Not the San Francisco Giants. The City of San Francisco:
City Attorney Dennis Herrera gave Major League Baseball a little chin
music on Thursday, firing off a letter suggesting San Francisco would
sue the league if it approves moving the Oakland Athletics to San Jose . . . “I need to make sure the interests of the city and its taxpayers are
protected . . . The city and county of San Francisco has a
vital interest in making sure the Giants are successful and viable so
they can make good on their obligations to the city.”
Setting aside the entire issue of the antitrust exemption which could prevent this suit in the first place, on what possible theory would the City of San Francisco have standing to sue baseball over a franchise move that doesn’t even involve (a) the team that lives in the city; and (b) the city itself (here’s a basic definition of legal standing for you non-lawyers out there)?
Sure, San Francisco has a financial interest in the Giants doing well. But so do the ferry companies. So do the beer vendors. So do the people that print giant foam fingers that say “Giants” on them. Would Dennis Herrera admit that they all have standing to sue too? Wait. Don’t answer that. Would a court say they have standing? Doubtful.
I’ve always been dubious of the whole territorial claim the Giants have on San Jose to begin with anyway. Yes, I know they technically “own” that territory, but it doesn’t make any kind of sense for them to be so protective of it. The ballpark in Oakland is a sixteen mile drive from AT&T Park. Downtown San Jose is forty miles away. Which location is more likely to draw people away from Giants’ games? And besides, San Jose was Athletics territory for years anyway. They gave it to the Giants in order to help them out when the Giants had stadium issues. If New York and Chicago can handle coequal team territory, the Bay Area should be able to handle it too.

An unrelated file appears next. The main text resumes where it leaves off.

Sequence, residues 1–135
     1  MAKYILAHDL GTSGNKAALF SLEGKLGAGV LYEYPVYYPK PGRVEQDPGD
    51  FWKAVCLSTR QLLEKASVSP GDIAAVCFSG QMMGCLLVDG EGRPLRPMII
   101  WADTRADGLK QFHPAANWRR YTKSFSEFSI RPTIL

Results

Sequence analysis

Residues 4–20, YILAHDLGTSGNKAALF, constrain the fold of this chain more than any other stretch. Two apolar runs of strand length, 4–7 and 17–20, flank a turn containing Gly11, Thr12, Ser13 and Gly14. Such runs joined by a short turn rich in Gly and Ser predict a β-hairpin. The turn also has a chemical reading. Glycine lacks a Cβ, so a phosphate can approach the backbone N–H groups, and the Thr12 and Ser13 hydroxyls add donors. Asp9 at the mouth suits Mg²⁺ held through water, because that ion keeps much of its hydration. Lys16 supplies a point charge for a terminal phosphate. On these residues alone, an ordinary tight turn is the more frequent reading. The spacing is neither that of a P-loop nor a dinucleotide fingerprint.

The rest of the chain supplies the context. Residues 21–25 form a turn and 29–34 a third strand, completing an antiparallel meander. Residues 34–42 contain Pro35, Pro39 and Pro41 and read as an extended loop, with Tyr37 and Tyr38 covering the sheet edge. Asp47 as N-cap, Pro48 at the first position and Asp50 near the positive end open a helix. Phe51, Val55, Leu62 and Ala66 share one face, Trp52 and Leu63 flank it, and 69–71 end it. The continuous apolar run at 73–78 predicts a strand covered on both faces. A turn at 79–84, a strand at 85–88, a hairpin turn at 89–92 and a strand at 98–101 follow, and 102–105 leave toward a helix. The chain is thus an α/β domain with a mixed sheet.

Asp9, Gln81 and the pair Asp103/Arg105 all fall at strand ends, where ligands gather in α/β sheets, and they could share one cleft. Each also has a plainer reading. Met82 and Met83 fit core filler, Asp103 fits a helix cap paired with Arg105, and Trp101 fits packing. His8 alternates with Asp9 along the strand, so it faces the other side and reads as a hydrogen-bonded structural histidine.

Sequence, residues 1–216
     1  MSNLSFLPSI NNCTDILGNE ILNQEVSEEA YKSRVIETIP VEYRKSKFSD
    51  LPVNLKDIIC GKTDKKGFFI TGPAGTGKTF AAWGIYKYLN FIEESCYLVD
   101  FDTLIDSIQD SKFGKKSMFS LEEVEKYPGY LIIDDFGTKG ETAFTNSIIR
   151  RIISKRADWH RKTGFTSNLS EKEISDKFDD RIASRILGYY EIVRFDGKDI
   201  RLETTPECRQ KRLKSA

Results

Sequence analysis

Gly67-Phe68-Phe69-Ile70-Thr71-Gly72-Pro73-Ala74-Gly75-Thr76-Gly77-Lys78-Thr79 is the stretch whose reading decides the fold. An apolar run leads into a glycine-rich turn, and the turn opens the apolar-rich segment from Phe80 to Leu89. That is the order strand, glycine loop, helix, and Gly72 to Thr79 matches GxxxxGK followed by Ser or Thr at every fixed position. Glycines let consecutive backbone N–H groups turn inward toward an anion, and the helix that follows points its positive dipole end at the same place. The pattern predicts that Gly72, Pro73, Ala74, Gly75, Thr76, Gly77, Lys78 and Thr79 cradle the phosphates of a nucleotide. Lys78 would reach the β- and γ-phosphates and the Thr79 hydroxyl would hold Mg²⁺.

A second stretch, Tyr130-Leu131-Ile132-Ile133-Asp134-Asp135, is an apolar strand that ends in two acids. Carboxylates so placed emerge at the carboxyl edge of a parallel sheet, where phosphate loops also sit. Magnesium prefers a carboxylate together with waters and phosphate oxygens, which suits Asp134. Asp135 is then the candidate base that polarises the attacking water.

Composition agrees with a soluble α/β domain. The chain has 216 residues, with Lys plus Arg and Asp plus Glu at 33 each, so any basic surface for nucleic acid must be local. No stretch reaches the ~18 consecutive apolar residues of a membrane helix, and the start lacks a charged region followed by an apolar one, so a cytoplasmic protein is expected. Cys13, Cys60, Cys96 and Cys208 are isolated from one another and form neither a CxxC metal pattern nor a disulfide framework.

But good luck with your lawsuit anyway, Mr. Herrera.
Craig covered the bulk of Rob Manfred’s quotes from earlier. The commissioner was asked about robot umpires and he’s not a fan. Via Jeff Passan of Yahoo Sports:
Manfred was wrong to blame the player’s union’s “lack of cooperation” on proposed rule changes, but he’s right about robot umps and the strike zone. The obvious point is that robot umps cannot yet call balls and strikes with greater accuracy than umpires. Those strike zone Twitter accounts, such as this, are sometimes hilariously wrong. Even the strike zone graphics used on television are incorrect and unfortunate percentage of the time.
The first issue to consider about robot umps is taking jobs away from people. There are 99 umps and more in the minors. If robot umpiring was adopted in collegiate baseball, as well as the independent leagues, that’s even more umpires out of work. Is it worth it for an extra one or two percent improvement in accuracy?
Personally, the fallibility of the umpires adds more intrigue to baseball games. There’s strategy involved, as each umpire has tendencies which teams can strategize against. For instance, an umpire with a more generous-than-average strike zone on the outer portion of the plate might entice a pitcher to pepper that area with more sliders than he would otherwise throw. Hitters, knowing an umpire with a smaller strike zone is behind the dish, may take more pitches in an attempt to draw a walk. Or, knowing that information, a hitter may swing for the fences on a 3-0 pitch knowing the pitcher has to throw in a very specific area to guarantee a strike call or else give up a walk.
The umpires make their mistakes in random fashion, so it adds a chaotic, unpredictable element to the game as well. It feels bad when one of those calls goes against your team, but fans often forget the myriad calls that previously went in their teams’ favor. The mistakes will mostly even out in the end.
I haven’t had the opportunity to say this often, but Rob Manfred is right in this instance.
ESPN’s Howard Bryant is reporting that Major League Baseball has approved a rule allowing for a dugout signal for an intentional walk. In other words, baseball is allowing automatic intentional walks. Bryant adds that this rule will be effective for the 2017 season.
MLB has been trying, particularly this month, to improve the pace of play. Getting rid of the formality of throwing four pitches wide of the strike zone will save a minute or two for each intentional walk. There were 932 of them across 2,428 games last season, an average of one intentional walk every 2.6 games. It’s not the biggest improvement, but it’s something at least.
Earlier, Commissioner Rob Manfred was upset with the players’ union’s “lack of cooperation.” Perhaps his public criticism was the catalyst for getting this rule passed.
Unfortunately, getting rid of the intentional walk formality will eradicate the chance of seeing any more moments like this: